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Are Women Human?

Are Women Human?

$15.99

Paperback
One of the first women to graduate from Oxford University, Dorothy Sayers pursued her goals whether or not what she wanted to do was ordinarily understood to be "feminine." Sayers did not devote a great deal of time to talking or writing about feminism, but she did explicitly address the issue of women's role in society in the two classic essays collected here.

Central to Sayers's reflections is the conviction that both men and women are first of all human beings and must be regarded as essentially much more alike than different. We are to be true not so much to our sex as to our humanity. The proper role of both men and women, in her view, is to find the work for which they are suited and to do it.

Though written several decades ago, these essays still offer in Sayers's piquant style a sensible and conciliatory approach to ongoing gender issues.


- Publisher In her lifetime, Dorothy Sayers practices her feminism by keeping in mind her humanity -- by doing exactly what she wanted to do, whether or not that was ordinarily understood to be bfeminineb She did not devote a great deal of time to talking or writing about feminism, but in the essays included here she did address herself particularly to the subject of the role of women in society.^Central to both essays is the authorbs conviction that both men and women are first of all human beings, and must be regarded and treated as essentially much more alike than different. Thus the primary task confronting each one of us is not to be true to our sex, but to our humanity.

- Publisher

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About "Are Women Human?"

One of the first women to graduate from Oxford University, Dorothy Sayers pursued her goals whether or not what she wanted to do was ordinarily understood to be "feminine." Sayers did not devote a great deal of time to talking or writing about feminism, but she did explicitly address the issue of women's role in society in the two classic essays collected here.

Central to Sayers's reflections is the conviction that both men and women are first of all human beings and must be regarded as essentially much more alike than different. We are to be true not so much to our sex as to our humanity. The proper role of both men and women, in her view, is to find the work for which they are suited and to do it.

Though written several decades ago, these essays still offer in Sayers's piquant style a sensible and conciliatory approach to ongoing gender issues.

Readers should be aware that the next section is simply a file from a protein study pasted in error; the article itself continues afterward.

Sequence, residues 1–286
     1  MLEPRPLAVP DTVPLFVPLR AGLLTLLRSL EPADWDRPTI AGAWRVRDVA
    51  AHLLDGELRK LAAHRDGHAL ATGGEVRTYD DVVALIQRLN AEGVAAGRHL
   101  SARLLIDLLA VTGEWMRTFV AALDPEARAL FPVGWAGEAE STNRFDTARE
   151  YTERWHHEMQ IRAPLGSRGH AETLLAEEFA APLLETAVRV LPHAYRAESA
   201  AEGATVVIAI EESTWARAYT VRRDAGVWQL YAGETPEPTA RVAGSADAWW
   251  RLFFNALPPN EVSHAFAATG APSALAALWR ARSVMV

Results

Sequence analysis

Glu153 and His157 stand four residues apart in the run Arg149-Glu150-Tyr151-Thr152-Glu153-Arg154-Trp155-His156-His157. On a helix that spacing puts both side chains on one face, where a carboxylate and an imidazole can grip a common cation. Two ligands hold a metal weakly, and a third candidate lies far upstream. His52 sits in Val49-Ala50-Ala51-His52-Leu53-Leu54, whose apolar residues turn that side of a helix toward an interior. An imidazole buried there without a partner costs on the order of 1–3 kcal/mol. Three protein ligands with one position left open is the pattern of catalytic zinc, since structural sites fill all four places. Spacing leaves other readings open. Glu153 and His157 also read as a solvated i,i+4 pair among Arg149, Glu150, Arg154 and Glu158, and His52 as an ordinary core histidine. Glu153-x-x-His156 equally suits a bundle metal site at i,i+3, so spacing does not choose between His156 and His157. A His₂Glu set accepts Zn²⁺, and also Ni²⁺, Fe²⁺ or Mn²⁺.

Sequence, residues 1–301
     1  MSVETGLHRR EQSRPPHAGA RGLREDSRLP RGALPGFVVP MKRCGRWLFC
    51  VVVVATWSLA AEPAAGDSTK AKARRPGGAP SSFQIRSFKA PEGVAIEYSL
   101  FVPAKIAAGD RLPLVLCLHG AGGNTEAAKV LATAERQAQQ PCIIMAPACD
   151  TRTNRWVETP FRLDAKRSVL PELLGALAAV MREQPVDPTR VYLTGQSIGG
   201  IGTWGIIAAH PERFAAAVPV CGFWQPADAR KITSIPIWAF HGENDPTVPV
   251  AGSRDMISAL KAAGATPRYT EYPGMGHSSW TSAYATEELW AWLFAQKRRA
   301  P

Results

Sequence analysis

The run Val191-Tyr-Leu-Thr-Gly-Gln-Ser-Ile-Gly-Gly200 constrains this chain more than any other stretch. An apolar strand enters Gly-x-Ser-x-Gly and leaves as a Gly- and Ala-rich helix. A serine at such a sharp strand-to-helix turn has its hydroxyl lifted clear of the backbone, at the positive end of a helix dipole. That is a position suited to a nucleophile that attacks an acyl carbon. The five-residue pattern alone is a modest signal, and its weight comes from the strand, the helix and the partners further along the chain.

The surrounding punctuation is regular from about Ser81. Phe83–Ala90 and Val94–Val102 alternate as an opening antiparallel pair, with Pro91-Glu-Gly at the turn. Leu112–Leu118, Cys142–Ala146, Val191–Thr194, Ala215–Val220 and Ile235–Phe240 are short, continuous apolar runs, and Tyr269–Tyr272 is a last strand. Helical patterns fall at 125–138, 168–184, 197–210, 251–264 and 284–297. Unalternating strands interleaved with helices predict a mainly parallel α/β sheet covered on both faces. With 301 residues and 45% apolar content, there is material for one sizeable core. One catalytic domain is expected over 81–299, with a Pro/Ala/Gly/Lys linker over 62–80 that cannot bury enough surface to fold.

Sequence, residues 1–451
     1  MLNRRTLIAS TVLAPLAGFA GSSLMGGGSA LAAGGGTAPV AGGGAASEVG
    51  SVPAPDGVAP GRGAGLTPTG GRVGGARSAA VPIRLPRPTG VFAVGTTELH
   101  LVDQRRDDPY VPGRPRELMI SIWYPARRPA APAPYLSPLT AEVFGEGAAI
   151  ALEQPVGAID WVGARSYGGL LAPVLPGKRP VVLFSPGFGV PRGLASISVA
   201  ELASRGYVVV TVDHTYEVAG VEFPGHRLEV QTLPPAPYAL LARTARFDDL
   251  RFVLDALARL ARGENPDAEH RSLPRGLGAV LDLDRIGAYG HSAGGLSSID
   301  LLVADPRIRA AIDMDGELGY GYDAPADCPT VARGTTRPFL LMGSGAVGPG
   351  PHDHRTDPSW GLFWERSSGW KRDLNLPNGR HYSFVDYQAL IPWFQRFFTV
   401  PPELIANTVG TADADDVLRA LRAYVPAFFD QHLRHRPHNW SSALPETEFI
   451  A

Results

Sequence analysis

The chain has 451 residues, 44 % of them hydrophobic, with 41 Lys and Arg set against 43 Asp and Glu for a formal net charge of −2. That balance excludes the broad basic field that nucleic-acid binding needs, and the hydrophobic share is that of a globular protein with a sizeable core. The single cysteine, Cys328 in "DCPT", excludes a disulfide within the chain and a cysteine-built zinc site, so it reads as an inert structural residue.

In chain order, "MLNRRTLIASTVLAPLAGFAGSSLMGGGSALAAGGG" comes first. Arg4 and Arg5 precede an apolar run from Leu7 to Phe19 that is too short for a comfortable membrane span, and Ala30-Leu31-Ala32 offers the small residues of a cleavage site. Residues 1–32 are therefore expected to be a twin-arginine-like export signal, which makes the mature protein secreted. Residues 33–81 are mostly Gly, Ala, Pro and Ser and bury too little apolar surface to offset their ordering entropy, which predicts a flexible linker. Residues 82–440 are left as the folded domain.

- Publisher

In her lifetime, Dorothy Sayers practices her feminism by keeping in mind her humanity -- by doing exactly what she wanted to do, whether or not that was ordinarily understood to be bfeminineb She did not devote a great deal of time to talking or writing about feminism, but in the essays included here she did address herself particularly to the subject of the role of women in society.^Central to both essays is the authorbs conviction that both men and women are first of all human beings, and must be regarded and treated as essentially much more alike than different. Thus the primary task confronting each one of us is not to be true to our sex, but to our humanity.
- Publisher

Meet the Author

Dorothy L Sayers

Dorothy L. Sayers is the author of novels, short stories, poetry collections, essays, reviews and translations. Although she was a noted Christian scholar, she is most known for her detective fiction. Born in 1893, she was one of the first women to be awarded a degree from Oxford University. Her first book featuring Lord Peter Wimsey, "Whose Body?, " was published in 1923 and over the next 20 years more novels and short stories about the aristocratic amateur sleuth appeared. Dorothy L. Sayers is recognized as one of the greatest mystery writers of the 20th century. ý Letter from the Editor: C

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Product Details

Product Details
  • Catalogue Code 236458
  • Product Code 0802829961
  • EAN 9780802829962
  • Pages 75
  • Department General Books
  • Category Women
  • Sub-Category General
  • Publisher Eerdmans
  • Publication Date Aug 2005
  • Sales Rank #26411
  • Dimensions 190 x 133 x 6 mm
  • Weight 0.113kg

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